Bible studies with Don Isaac Abravanel’s commentary (also spelled Abarbanel) has withstood the test of
time.  Don Isaac Abravanel (1437-1508) was a preeminent Jewish thinker, scholar, and prolific Biblical
commentator. Abravanel observes that chapter 38 digresses from the Bible’s main storyline of Joseph,
training a spotlight on Judah. Why the interlude, Abravanel asks?

“And it came to pass at that time, that Judah went down from his
brethren, and turned in to a certain Adullamite, whose name was Hirah.”

“And it came to pass at that time, that Judah went down from his brethren” provides key context and
chronology for Judah’s departure. It took place after the brothers sold Joseph into slavery. The majority
of Jacob’s sons were keen to kill Joseph, and had issued a death warrant. Present at the legal hearings,
Judah argued convincingly against capital punishment. As a result, Judah saved Joseph’s life. Selling
Joseph into slavery was the best outcome Judah could manage.

Stylistically speaking, the Bible should have followed up chapter 37 – dealing with the sale of Joseph –
with chapter 39, as it pertains to Joseph’s arrival in Egypt. It would read smoothly. Instead, we find
Judah’s story. The interjection comes from left field, per se.

Abravanel gleans three lessons, sharing them with Bible students:

1) Historically, Israel has two distinct kingly lines. One gets traced from Joseph through his sons Ephraim and Manasseh. The other hails from Judah, through Perez. Now, Joseph’s sons were born to his Egyptian wife. Hence, that line should not be viewed as legitimate or worthy of the throne. In contrast, Judah’s son’s pedigree ranked, well, royal. It attests to Tamar’s merit and piety, a woman of valor born to righteous Shem, as the Jewish sages taught.

2) The story of Judah highlights his greatness. “And it came to pass at that time, that Judah went down from his brethren…” Judah wanted nothing to do with his cruel brothers who sought to murder Joseph, their innocent brother. Though he eked out an arrangement to spare Joseph’s life, Judah could not reconcile himself with his brothers’ cold-heartedness. Besides, Judah could not bear to see Jacob’s anguish. Abravanel inserts a caveat. Despite Judah’s hard feeling for his brothers, he regularly visited Jacob, showing filial piety.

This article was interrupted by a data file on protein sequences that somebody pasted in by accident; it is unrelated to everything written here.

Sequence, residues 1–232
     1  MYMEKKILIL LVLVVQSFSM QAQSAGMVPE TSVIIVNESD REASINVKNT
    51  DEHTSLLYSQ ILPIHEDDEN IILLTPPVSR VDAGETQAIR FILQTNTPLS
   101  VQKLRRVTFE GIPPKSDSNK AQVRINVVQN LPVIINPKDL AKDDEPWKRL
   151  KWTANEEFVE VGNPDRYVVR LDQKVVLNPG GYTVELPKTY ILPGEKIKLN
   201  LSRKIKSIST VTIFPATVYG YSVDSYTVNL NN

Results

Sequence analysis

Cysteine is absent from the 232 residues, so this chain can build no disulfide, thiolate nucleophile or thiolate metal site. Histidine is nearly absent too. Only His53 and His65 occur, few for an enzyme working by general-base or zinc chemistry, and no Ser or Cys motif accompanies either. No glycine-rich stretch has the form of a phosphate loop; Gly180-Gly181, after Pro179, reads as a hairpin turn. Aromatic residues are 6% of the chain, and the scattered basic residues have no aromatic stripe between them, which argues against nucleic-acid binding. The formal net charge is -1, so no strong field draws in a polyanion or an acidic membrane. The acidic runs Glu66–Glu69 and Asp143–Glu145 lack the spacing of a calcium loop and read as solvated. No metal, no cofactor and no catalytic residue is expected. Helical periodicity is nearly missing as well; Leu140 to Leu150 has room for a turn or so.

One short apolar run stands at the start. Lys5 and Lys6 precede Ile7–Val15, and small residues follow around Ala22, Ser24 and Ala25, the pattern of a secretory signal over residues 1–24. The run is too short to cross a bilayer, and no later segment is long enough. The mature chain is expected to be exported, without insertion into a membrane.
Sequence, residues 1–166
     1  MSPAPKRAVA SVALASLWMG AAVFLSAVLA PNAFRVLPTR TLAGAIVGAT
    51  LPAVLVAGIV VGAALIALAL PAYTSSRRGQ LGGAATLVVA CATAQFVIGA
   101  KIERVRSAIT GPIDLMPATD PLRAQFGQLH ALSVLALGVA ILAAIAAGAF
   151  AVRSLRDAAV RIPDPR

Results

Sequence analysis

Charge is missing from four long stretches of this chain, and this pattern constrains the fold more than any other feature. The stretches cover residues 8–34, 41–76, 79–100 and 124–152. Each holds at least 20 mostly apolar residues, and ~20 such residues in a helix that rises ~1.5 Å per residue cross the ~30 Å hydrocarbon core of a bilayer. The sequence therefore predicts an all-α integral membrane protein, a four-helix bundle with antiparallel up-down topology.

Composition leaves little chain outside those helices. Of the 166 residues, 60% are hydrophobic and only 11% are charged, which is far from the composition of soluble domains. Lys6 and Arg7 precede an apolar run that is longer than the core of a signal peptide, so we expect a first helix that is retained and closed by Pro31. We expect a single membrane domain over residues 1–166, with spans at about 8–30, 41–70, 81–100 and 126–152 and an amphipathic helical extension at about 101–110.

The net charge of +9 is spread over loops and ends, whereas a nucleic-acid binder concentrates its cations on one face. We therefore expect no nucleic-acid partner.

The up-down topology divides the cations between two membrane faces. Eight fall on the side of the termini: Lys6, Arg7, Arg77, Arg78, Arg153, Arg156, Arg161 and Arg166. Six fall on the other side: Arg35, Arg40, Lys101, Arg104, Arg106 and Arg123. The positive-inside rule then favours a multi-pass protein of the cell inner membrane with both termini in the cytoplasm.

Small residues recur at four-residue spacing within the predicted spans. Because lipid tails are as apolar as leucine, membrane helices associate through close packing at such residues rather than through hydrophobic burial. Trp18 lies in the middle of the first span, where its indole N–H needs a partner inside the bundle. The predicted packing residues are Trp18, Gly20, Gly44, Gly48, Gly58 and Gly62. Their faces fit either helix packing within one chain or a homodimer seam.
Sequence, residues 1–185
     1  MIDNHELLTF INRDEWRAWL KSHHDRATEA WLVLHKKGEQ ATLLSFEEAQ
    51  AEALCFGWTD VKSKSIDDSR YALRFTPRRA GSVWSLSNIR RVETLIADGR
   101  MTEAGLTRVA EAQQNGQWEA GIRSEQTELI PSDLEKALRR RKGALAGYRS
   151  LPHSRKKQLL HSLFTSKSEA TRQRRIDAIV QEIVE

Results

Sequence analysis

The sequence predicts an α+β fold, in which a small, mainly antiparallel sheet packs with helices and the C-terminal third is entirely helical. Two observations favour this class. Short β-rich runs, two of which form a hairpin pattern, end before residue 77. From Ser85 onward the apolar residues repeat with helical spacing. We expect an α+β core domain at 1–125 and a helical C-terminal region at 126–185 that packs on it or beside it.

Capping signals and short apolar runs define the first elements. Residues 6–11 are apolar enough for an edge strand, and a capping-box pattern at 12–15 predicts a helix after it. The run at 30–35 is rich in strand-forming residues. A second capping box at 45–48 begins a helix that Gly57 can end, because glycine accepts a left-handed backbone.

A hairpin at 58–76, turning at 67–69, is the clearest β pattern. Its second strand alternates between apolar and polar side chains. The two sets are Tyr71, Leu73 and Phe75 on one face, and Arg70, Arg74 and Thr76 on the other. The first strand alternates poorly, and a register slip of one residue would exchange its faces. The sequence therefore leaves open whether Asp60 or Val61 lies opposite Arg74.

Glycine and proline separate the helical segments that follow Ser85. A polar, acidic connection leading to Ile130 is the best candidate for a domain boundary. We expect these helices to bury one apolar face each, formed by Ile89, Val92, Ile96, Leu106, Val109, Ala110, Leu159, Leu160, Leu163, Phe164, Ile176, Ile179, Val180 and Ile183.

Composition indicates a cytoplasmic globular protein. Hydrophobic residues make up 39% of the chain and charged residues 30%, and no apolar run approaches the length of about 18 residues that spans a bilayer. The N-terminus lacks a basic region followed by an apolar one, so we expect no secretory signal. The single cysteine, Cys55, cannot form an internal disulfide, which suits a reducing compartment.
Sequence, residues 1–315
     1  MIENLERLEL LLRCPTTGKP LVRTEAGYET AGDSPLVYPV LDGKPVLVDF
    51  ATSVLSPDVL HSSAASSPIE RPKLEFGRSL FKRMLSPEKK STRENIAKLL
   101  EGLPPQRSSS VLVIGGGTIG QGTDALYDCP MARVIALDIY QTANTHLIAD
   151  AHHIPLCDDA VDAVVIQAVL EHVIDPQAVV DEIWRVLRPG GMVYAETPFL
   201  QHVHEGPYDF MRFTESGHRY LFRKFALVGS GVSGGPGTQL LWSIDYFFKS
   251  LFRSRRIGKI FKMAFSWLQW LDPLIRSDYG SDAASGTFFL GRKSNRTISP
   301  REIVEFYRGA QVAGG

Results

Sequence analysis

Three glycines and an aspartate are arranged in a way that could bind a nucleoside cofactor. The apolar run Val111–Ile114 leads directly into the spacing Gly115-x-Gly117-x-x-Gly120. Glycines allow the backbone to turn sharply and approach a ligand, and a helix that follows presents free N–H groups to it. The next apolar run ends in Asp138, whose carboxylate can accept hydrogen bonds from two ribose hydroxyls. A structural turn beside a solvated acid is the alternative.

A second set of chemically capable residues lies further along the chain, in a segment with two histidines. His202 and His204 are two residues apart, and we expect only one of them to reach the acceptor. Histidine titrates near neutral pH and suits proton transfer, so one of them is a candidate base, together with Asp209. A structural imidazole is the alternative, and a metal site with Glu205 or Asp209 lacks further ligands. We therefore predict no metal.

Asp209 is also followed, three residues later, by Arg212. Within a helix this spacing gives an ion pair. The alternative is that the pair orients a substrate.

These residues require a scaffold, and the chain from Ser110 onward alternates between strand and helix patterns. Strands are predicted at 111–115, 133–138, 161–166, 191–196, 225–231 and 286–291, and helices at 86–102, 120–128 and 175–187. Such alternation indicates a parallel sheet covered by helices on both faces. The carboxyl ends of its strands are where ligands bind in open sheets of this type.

3) Finally, the story of Judah was written in Scripture for posterity. Bible students, for all time, will see divine providence at work. Here is how. For the ancients, infant and child mortality was commonplace. However, none of Jacob’s children or grandchildren died prematurely, as the Creator kept a vigilant eye over them. The two exceptions were Er and Onan, sons of Judah and his wife Bat Shua. They both died young, as the Bible relates in our chapter: “And Er, Judah’s first born was wicked in the sight of God. And God slew him.” Onan also brought sudden death upon himself: “And the thing which he did was evil in the sight of God. And he slew him also.”

To summarize, Abravanel learns that the story of Judah, though stylistically out of place, imparts
important information that Bible students need to know.